My Aunt Cathleen was too kind for her own good. She was a tiny woman, thin, a TB survivor & badly dressed because she gave away money instead of buying clothes. Oxfam was her boutique of choice, she liked the prices. We knew her both by her religious name of Sr (Mary) Aloysius and as Aunt Cate.
That was a different Ireland, you had Aunts in convents & brothers and sisters in classes with your cousin's brothers & sisters: an Ireland not yet used to low child mortality or the cool of modernity. Despite having five aunts nuns, two bachelor uncles and one childless married aunt we had seventy one first cousins. All now dead but one, the nun-aunts, swept away, Salve Regina sung in old womens' fading, cracking voices by their Sisters, my father & his brothers crying. The Batchelor uncles too, gone. The price of a wonderful childhood is an adulthood burying those you loved.
Cate was a Mercy Sister and lived was the poverty-vowed life of a nun in a small Yorkshire convent. She elected by her sisters as Mother of the small community in brass-band Barnsley. Her clothes were so bad they were a shame to my parents. My mother tells the story that she & Dad decided to buy her a coat one year she arrived home without one, my mother suspecting she had given it away. Aloysius demurred, she could buy a coat much cheaper in England if she had a little money. Next year she return in what my mother described as " a black rag so old it had faded green that you wouldn't put under the dog". Clothes were not her priority.
With few or no novices coming from the developed world the Sisters of Mercy were not alone in advertising for them in the developing world. Did Sr Aloysius place the advertisements or was it the organised by the order? An ad that ended with "If you would like to be a Sister of Mercy, write to the Convent of Mercy, Barnsley" was published in a Missionary Magazine distributed in Nigeria.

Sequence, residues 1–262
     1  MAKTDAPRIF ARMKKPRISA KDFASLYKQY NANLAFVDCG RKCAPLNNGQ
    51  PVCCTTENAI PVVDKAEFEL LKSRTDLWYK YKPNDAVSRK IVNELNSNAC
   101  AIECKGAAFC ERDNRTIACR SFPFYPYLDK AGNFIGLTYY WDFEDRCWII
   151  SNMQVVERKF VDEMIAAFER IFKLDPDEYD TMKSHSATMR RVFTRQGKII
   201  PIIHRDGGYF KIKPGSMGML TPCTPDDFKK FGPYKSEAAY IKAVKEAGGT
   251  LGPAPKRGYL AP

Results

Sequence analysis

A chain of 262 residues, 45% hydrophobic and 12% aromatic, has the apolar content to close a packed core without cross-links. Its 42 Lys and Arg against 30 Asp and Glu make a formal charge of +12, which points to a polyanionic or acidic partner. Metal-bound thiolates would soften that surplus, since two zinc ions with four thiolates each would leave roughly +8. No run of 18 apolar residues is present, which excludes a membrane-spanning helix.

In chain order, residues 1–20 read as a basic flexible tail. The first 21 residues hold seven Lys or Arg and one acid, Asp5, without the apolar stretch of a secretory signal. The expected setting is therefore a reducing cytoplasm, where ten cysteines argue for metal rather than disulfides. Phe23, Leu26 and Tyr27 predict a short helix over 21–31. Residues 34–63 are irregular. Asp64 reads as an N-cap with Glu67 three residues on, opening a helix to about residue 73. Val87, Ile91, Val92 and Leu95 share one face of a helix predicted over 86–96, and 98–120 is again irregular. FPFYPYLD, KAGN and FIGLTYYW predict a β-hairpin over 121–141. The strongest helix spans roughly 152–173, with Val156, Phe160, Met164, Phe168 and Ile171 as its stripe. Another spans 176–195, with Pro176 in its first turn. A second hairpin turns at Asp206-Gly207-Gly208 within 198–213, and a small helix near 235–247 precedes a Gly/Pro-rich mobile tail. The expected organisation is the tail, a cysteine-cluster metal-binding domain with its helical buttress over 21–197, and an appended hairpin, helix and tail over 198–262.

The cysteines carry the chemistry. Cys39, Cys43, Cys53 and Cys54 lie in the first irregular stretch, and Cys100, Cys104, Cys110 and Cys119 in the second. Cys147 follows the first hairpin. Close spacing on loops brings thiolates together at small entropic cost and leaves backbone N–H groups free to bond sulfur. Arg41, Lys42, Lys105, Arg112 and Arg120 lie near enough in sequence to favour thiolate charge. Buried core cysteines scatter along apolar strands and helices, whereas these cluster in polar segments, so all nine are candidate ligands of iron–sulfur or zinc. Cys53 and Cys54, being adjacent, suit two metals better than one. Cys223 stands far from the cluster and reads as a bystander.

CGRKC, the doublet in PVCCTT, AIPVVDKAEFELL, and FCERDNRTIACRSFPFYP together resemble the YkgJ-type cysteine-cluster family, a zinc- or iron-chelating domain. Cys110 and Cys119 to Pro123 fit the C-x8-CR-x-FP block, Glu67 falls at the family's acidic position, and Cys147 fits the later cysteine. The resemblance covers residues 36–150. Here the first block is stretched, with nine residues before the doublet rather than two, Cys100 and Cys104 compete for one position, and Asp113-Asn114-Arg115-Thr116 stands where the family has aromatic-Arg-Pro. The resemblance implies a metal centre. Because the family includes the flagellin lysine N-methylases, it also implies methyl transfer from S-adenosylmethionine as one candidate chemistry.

That was before email, before email scams. A letter arrived, from a boy, desperate for an education but too poor to continue at school. My Aunt sent ten shillings. The correspondence continued between the boy and the tiny nun, encouragement to continue despite the hardships, and, when she could small sums of money.
Aunt Cate kept her own council on the correspondence. In the last years of her life I think she suffered from the dementia that has haunted my father and his siblings but I do not think she would have spoken about her charity."When you give to the needy, do not let your left hand know what your right hand is doing."
The good is oft interred with their bones….
The boy, yes there was a boy, Boniface Ezaegu, is now the Barrister General of the Ebonyi State in Nigeria. In memory of the woman who helped him he is helping others: he financed and built the Sr Mary Aloysius High School in his home district. There are Four hundred & fifty students and a staff of twenty. A red bus is proudly marked in my Aunt’s name. Her religious sisters are justifiably proud. So am I.
There may be morals to be drawn here but I don’t want them. Aunt Cate was kind; the memory of that kindness lives on far from home, in a country she never visited. Somehow I get pepper behind my eyes when I read that the anniversary of the death this tiny quiet woman, January 19, is a school holiday and the students have mass in her memory. I picture them, bored, distracted as children often are, thinking of other things, at mass, in a small town in Nigeria, very far away.